Knuckle Lights review

It’s November.  Winter is coming: it’s getting cooler and mornings are getting darker.

Much of my training is done in the early morning, in the quiet hours before children awake and work obligations flood my calendar. I spend most of my training time alone, logging miles, winding a solitary path through the streets and trails of Albuquerque.

One aspect of training that has always been of import to me – a lone, female runner – is safety. Especially for the urban runner, one aspect of that is key: visibility.  Personal visibility to vehicles, cyclists and other pedestrians is important, especially as days get shorter. Being able to see the ground in front of you is important no matter what surface you’re running over, trail, road, or track.

I was recently invited to try out Knuckle Lights: Rechargeable hand lights ($59): a set of LED-powered hand-held running lights. Knuckle Lights are available online, and in running stores across the country.  I am a long-term running headlamp user, and I love having my hands free while I run, and was perhaps a bit skeptical at having lights on my (moving) hands, but was eager to try them out!

img_20160907_055920The lights each provide a wide angle (~160 degrees) of bright, clean blue-white light (specs say: 280 lumens). Each handheld light weighs 3 oz. The genius behind the Knuckle Light design is that you are not clutching a light in your hand: rather, the adjustable, flexible strap cinches around your hand (above your knuckles), allowing you to relax your hand and arm naturally as you run or walk.


Lights slide neatly onto the main part of your hand.

The lights can be set to three different power/brightness settings: low, high, and blinking. I found even on the low setting, there was abundant light provided for running on roads or trails. I ran the lights for 4 hours and 21 minutes on high power setting, recharged them and let them run again for 8 hours 23 minutes on low. I ran the blinking lights overnight (in a closet!) for approximately 13.5 hours before I used up the battery. Recharging was simple: I was able to simply click the lights into their charging dock, plug the USB charging cable into the outlet, and after an overnight charging session, they lights were ready to go once more. The lights are magnetic, clicking together so you don’t lose them.img_20160907_055937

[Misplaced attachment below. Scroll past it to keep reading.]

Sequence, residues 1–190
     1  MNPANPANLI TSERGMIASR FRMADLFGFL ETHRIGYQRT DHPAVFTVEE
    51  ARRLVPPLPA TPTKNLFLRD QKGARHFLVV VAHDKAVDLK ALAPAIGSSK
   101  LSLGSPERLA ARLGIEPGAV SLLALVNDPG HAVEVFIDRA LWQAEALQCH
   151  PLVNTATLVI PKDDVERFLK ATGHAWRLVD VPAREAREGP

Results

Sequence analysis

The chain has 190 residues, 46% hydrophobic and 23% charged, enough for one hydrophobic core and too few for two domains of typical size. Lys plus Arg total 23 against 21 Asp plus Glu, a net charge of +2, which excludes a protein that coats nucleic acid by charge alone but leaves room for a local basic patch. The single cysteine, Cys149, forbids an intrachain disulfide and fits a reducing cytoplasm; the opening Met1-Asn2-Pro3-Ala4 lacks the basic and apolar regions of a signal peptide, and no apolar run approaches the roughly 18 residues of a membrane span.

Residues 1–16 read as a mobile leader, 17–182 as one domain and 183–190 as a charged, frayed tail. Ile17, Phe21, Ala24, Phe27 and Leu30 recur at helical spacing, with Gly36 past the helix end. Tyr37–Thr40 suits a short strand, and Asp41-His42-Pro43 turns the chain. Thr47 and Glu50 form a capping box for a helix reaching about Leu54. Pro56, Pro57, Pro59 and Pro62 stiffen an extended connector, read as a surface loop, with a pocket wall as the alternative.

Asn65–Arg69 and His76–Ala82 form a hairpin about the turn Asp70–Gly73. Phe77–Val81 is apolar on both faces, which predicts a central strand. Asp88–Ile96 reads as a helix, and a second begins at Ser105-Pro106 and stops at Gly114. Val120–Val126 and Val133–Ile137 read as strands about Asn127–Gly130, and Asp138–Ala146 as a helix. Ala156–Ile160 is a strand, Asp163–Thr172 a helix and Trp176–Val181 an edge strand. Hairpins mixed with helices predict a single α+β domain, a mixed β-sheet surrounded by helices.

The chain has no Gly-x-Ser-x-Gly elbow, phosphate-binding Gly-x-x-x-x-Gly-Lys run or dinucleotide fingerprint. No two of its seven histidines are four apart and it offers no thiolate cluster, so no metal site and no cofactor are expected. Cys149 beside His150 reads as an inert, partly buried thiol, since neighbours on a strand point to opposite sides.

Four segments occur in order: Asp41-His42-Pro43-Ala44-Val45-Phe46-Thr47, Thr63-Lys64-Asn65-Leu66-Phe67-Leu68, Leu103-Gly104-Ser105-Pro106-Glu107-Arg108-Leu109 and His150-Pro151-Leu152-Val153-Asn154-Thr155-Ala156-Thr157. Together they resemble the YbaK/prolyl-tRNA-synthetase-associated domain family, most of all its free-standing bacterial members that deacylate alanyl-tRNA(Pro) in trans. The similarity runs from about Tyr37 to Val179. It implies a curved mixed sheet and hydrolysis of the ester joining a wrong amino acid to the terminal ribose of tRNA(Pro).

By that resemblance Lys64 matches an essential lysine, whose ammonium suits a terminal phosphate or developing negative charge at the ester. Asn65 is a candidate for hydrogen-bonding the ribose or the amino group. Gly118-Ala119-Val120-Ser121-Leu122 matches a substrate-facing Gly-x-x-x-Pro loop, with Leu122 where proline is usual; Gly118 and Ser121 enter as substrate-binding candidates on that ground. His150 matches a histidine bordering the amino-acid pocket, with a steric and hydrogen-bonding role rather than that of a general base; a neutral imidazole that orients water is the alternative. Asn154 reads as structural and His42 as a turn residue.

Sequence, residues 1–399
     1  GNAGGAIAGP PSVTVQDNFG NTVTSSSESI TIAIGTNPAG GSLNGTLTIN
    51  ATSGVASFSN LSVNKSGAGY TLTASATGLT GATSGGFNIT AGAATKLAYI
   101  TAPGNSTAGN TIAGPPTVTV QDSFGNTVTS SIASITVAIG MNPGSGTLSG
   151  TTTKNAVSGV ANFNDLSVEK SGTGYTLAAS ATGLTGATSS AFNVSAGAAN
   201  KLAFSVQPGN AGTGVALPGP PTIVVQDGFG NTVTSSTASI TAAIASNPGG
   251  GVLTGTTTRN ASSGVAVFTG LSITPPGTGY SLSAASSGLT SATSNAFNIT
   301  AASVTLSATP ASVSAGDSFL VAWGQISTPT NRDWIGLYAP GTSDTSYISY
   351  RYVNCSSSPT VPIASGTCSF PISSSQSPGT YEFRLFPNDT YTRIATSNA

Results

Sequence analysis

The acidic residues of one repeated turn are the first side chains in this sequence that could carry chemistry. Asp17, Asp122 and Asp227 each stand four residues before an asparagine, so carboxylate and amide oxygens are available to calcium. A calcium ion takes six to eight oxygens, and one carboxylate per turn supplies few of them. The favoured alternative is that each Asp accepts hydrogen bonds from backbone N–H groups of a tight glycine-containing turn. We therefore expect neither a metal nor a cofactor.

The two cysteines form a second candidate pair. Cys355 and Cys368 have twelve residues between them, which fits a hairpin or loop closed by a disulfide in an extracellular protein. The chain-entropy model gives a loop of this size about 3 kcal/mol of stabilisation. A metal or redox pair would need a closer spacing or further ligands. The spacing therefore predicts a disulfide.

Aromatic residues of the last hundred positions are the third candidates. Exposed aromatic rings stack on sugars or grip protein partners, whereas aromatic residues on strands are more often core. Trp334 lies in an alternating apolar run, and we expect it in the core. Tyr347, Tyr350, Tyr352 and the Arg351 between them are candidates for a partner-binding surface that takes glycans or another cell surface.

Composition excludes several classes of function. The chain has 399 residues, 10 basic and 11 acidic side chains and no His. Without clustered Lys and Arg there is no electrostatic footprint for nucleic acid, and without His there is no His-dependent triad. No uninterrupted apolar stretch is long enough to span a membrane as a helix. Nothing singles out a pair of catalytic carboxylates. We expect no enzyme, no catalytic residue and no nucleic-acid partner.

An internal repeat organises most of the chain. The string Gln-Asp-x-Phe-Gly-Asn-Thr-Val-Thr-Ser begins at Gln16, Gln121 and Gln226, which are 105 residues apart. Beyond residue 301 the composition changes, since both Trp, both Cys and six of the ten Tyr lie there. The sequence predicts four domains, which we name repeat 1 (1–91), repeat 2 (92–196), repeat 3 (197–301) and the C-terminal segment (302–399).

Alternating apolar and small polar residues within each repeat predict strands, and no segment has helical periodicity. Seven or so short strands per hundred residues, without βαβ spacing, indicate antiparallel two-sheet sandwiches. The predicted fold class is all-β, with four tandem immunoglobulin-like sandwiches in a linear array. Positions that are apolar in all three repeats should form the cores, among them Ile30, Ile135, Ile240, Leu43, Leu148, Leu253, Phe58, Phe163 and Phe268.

I tried the Rechargeable on road runs, an overnight trail relay race, in clear weather and in the rain. I ran them under the shower to test their waterproofness, since the “rain” we get here in NM is not often very substantial. Even in my shower-downpour, the lights remained functional.

Pros: Super-bright, rechargeable, easy to use, light-brightness adjustable, comfortable hand held lights!

Drawbacks: The lights are super bright, and the wide angle of visibility did sometimes catch my own eye, which gave me a moment of light-blindness, but was only a minor nuisance, surmountable once I became accustomed to running with them.  If you are not used to having anything on your hands, it is different to have items on your hands, however, if you are used to carrying waterbottles in your hands, these won’t phase you.

Bottom line: Knuckle Lights are a fun, useful way to be visible on your run or walk. They provide a great alternative to going blind or wearing a headlamp. To my pleasure, the wide flood beam of these lights provides a comparable brightness and a wider angle of light distribution than a running headlamp. These are an excellent tool and can be used for running, walking, hiking, general playing.

Any way you do it, be sure to run your winter-time miles with safety in mind!

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